University of Pittsburgh psychiatry professor Richard Schulz has been one of the nation’s foremost researchers on caregiving stress for
WASHINGTON — The last time Dennis Joyner walked, he was on patrol in Vietnam’s Mekong Delta on June 26, 1969.
That’s when he tripped a 105-pound booby trap bomb. He lost both legs above the knees and his left arm below the elbow.
“I have been confined to a one arm drive wheelchair for 48 years,” said the 68-year-old Longwood, Fla., resident. “As a former high school athlete, my life changed drastically in how I have to live with the combat injuries I suffered in Vietnam.”
He gets lots of help from his wife Donna, “my day-to-day caregiver.”
Alexis Courneen was in the Coast Guard 30 years later when she suffered traumatic brain injury (TBI). While underway on the East River in New York, she was hit by a buoy. It was swinging on a crane as she and her colleagues attempted to secure the buoy to the deck.
On any given day, her brain injury can bring an array of symptoms, said her husband Jason Courneen, “as the effects of TBI are very much a roller coaster more than they are a steady uphill improvement or downhill decline in function.”
Jason Courneen doesn’t prefer the caregiver title, saying he fills in the gaps left by what Alexis Courneen can no longer do. “With that said,” he added, “to maintain continuity in her care, I handle all of her care coordination with her providers and case manager, manage our schedule, household finances and responsibilities.”
The sacrifice of caregivers is too often overlooked. For Donna Joyner and Jason Courneen, it’s more like they were bypassed.
In the case of veterans injured on duty, Uncle Sam pays more attention to some of their caregivers than others. The law allows the government to provide caregiver services for vets injured on Sept. 11, 2001, or after, but not those injured before that like Dennis Joyner and Alexis Courneen.
That means injured veterans who also are older, and often need caregiver services the most, are not eligible for this program.
Veterans service organizations, along with members of Congress and the Department of Veterans Affairs’ leadership want to change that. This week, Disabled Americans Veterans will release a report and hold a Capitol Hill forum to illustrate the problem. DAV describes its “Unsung Heroes Initiative” as “a national campaign to raise awareness about the service and sacrifice of caregivers to America’s severely disabled veterans as well as the inequities of supports available, particularly for those injured before 9/11.”
The total cost for the caregivers program was about $454 million in 2015, a measly sum in government coffers, or about $18,300 per enrolled vet, according to the Congressional Budget Office.
“Most of that cost resulted from stipends paid to caregivers,” the CBO report said. “To qualify as a caregiver, individuals must be at least 18 years of age and either a member of a veteran’s extended family or live with the veteran full time. Stipends are paid monthly and are based on the hours of daily care the veteran requires and the prevailing wage for home health aides. In 2015, stipends paid under the program ranged from $7,700 to $29,000 on an annual basis, and averaged roughly $15,600.”
Congress is considering bipartisan legislation in both chambers that would make all veterans, no matter when they served, eligible for the caregiver support. The bills are sponsored by Rep. Jim Langevin, D-R.I., co-chair of the Bipartisan Disabilities Caucus, and Sens. Patty Murray, D-Wash., and Susan Collins, R-Maine.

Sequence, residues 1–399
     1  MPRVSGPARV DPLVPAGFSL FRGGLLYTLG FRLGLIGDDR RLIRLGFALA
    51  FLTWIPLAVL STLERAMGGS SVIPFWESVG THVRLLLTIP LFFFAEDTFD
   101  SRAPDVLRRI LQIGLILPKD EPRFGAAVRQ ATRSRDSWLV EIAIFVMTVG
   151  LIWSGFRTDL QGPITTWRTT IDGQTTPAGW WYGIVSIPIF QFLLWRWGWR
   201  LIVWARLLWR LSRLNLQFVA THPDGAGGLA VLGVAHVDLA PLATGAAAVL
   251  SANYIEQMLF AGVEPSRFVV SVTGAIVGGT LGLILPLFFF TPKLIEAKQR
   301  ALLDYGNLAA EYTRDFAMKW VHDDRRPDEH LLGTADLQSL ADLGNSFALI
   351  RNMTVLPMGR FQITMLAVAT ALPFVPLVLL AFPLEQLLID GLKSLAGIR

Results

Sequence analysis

“Enactment of these bills is necessary to more equitably and fully empower family caregivers of severely disabled veterans from all wars,” said an open letter to Congress written by DAV and signed by more than 40 organizations.
Had Alexis Courneen’s buoy accident happened two years later, life could have been very different for her and her family.
Under the Program of Comprehensive Assistance for Family Caregivers, service providers for vets injured since the Pentagon and the World Trade Center attacks can get stipends, travel expenses, and training among other benefits. The VA also monitors the quality of care provided by the caregivers.
But for the Courneens, “we had no case management, and I felt like we had no ally within the VA system we could turn to,” Jason said. “It was a pretty isolating, frustrating, and lonely feeling — for both of us. My career opportunities have been limited. I have always had to balance providing for my family and caring for Alexis and our girls.”
Because of Dennis Joyner’s injury, “my wife resigned from her full-time administrative assistant position to provide total care for me,” he said. “Due to her resignation, our income was substantially decreased, and she lost her retirement benefits, and her Social Security has been drastically affected. If she received caregiver funding, it would help replace the loss of her career to care for me. She also would be eligible for training in areas necessary to provide daily assistance for me.”
Beyond the benefits for individuals, Veterans Affairs Secretary David Shulkin said expanding caregiver services could save money by allowing the elderly to stay in their homes longer, a cheaper alternative than institutionalization.
“We hope by expanding caregiver benefits, particularly to older veterans, [who] today aren’t getting the benefit the way that they should,” Mr. Shulkin told a Senate hearing last week, “that we actually find that that’s going to be cost-effective because remember, we pay for long-term care.”